### 19 September 2017 7:08 PM (book review)

In Our Mathematical Universe, Max Tegmark sets out, for the layman, his argument for the notorious Level IV Multiverse. Okay, he also gets to the other three multiverse levels, too.

So, he starts out discussing cosmology, both its history and his personal involvement in it. In some ways this was the most interesting part of the book. It goes over early modern theories about the origin and nature of the universe, their motivation, and why they were ultimately abandoned. It also discusses the Cosmic Background in detail, how it was analyzed, the attempts to map it, and his involvement in using information theory to map it more effectively.

It then goes into the best layman's explanation of inflation that I have ever read. It is clear and concise and easy to follow. He segues neatly from there into what he calls the Level 1 Multiverse. This (and the third) are the least controversial of his multiverses. This is accepted by, basically, everyone who accepts inflation. It suggests that if the universe is infinite, then everything possible happens infinitely many times and there are infinitely many versions of you reading this, and tiny variations on that. Given that he mentions Nick Bostrom several times in the end of the book and also discusses his view of our place in the universe, I'm surprised he didn't mention Bostrom's Infinite Ethics.

He then transitions from there neatly into the Level 2 multiverse. This gets the shortest treatment of any of the. I can't really blame him since it relies on the String Theory landscape and String Theory is hard. His Level 2 multiverse treats physical constants as stable phases of empty space that crystallize into different values in various pocket-universes within the inflationary field. This section is notable for an intuitively appealing argument for parallel universes in terms of a sun fine-tuned for life and whether we should expect to find multiple stars as a result and if we hadn't seen independent evidence for them. It also argues that the anthropic principle is perfectly valid and any responsible reasoner should draw on it.

The treatment of the Level 3 multiverse is completely satisfying. He explains the Copenhagen interpretation and the problems with it and offers Everett's many worlds interpretation as a counterpoint. He also takes a brief excursion into the question of why we don't see quantum effects on the macro scale and offers decoherence as the explanation, demolishing quantum consciousness in the process. I was troubled by the obvious similarity between what we would expect to find in the Level 3 multiverse and the Level 1 multiverse (the same laws but different histories), and I was happy to see he united them with his Cosmological Interpretation, which gives probabilities as fractions of worlds where we should expect to see one outcome or the other in the Level 1 multiverse.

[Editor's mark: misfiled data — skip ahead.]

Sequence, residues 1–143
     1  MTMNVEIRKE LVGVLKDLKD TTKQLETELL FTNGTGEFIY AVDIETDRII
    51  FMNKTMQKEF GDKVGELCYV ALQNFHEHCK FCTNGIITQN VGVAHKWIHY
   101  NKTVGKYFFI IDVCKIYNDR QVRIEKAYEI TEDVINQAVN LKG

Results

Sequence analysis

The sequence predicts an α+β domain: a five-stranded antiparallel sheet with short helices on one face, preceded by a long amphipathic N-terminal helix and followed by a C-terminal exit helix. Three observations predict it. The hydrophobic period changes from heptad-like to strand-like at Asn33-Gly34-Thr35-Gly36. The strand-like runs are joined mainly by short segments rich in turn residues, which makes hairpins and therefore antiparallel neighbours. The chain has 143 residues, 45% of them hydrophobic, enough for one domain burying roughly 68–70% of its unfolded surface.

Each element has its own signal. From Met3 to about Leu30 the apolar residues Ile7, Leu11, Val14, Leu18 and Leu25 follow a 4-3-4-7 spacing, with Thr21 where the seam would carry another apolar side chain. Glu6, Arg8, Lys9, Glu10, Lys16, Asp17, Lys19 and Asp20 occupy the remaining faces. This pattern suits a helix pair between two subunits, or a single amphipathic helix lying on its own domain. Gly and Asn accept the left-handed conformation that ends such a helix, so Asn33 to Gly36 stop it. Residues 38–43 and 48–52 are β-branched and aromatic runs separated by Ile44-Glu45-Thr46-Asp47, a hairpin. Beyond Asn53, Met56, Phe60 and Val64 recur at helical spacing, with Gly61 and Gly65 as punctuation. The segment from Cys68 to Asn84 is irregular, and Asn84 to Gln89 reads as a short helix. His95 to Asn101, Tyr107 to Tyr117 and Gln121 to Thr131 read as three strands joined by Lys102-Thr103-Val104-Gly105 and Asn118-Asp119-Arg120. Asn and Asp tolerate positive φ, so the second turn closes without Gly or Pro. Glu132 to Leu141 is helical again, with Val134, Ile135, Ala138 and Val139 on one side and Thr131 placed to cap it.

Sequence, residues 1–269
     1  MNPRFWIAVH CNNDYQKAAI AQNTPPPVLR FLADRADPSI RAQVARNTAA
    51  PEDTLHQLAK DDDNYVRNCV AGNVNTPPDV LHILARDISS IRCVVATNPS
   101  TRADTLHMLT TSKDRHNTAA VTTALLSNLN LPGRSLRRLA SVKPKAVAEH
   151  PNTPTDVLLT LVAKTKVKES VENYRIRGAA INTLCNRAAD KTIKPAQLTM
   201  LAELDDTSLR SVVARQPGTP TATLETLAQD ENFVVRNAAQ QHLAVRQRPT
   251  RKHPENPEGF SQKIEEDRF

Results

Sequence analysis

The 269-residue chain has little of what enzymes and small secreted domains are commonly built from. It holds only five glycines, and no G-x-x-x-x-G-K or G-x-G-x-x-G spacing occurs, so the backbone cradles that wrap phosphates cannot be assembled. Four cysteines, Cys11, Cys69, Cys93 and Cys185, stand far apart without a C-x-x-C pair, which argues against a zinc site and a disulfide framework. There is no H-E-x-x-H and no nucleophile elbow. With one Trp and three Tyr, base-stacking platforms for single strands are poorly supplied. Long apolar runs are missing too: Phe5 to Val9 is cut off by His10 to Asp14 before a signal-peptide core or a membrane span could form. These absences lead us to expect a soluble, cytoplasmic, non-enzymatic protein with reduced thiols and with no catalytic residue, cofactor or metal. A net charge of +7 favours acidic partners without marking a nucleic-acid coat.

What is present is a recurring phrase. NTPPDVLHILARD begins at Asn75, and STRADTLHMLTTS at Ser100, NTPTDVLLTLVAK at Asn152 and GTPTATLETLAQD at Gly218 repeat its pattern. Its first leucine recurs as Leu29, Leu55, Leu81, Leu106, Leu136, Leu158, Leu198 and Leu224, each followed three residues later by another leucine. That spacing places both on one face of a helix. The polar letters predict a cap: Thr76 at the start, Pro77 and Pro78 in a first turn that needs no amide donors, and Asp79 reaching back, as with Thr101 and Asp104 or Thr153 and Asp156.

We then get to the Level IV multiverse in which all mathematical
objects exist. As you are likely aware, I
have
quite a bit of sympathy for this idea. Tegmark bases his
reasoning on the unrealistic effectiveness of mathematics in science
and the question of why *some* mathematical structures
but *not others* should have mathematical reality. This is
the *most* controversial part of the book. How persuasive
you'll find it depends, basically, on your feelings about
parsimony. Since we have one physically instantiated mathematical
structure, adding more (even if ‘more’ is ultimately ‘all of them’)
feels more parsimonious to me than postulating some selection
mechanism that seems as if it would require its own explanation.

He addresses some potential problems, like the problems with computability of real-valued functions and Gödelian trouble arising from infinity. He ultimately rejects the continuum, mostly (it seems) motivated by a desire to solve the measure problem, but provisionally keeps infinity. This bothers me a bit, since it gets back to his question of why some mathematical objects should be privileged over others. His assertion that we will find that uncountable infinity disappears as an inconsistent illusion is not really backed up by anything. I guess you could be an Intuitionist.

He then goes on a few interesting digressions about living in
infinite multiverses covering things like the Self Sample
Assumption, the way the world ends, the likelihood of alien life,
how we give the world meaning, existential risk, and how we should
indoctrinate people into thinking scientifically. It's a mixed bag,
the bits on reasoning, meaning, and alien life are quite good. The
bit about science education is sort of brief and vague, though at
least keeps on the side of truth as the ultimate advantage in
argument. The existential threat bit is reasonable. Finding out he
was an adviser to MIRI makes me like him *slightly* less, not
because I don't agree completely with their AI risk argument (I
don't, but I don't have any problem with them making it), but
because the MIRI people seem way more into secrecy and aristocracy
than anyone I'd want to deal with would be.

I quite enjoyed this book and recommend it to anyone. Even if you reject his Level IV multiverse outright, it should at least be enjoyable as a fantasy, and the rest of the book should be enjoyable to anyone who doesn't indulge in ridiculous moral panics at the thought of any theory implying multiple cosmoi.